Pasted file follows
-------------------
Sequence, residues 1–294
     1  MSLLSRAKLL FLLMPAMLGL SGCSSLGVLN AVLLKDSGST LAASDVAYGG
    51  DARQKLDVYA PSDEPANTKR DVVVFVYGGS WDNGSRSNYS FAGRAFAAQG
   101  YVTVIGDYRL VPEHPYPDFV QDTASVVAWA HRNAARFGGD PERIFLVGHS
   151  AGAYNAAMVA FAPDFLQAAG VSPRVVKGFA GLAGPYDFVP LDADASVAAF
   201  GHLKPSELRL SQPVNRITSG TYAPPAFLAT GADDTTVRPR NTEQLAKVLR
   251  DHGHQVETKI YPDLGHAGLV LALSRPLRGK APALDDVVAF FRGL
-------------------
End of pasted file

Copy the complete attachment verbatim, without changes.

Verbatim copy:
Sequence, residues 1–294
     1  MSLLSRAKLL FLLMPAMLGL SGCSSLGVLN AVLLKDSGST LAASDVAYGG
    51  DARQKLDVYA PSDEPANTKR DVVVFVYGGS WDNGSRSNYS FAGRAFAAQG
   101  YVTVIGDYRL VPEHPYPDFV QDTASVVAWA HRNAARFGGD PERIFLVGHS
   151  AGAYNAAMVA FAPDFLQAAG VSPRVVKGFA GLAGPYDFVP LDADASVAAF
   201  GHLKPSELRL SQPVNRITSG TYAPPAFLAT GADDTTVRPR NTEQLAKVLR
   251  DHGHQVETKI YPDLGHAGLV LALSRPLRGK APALDDVVAF FRGL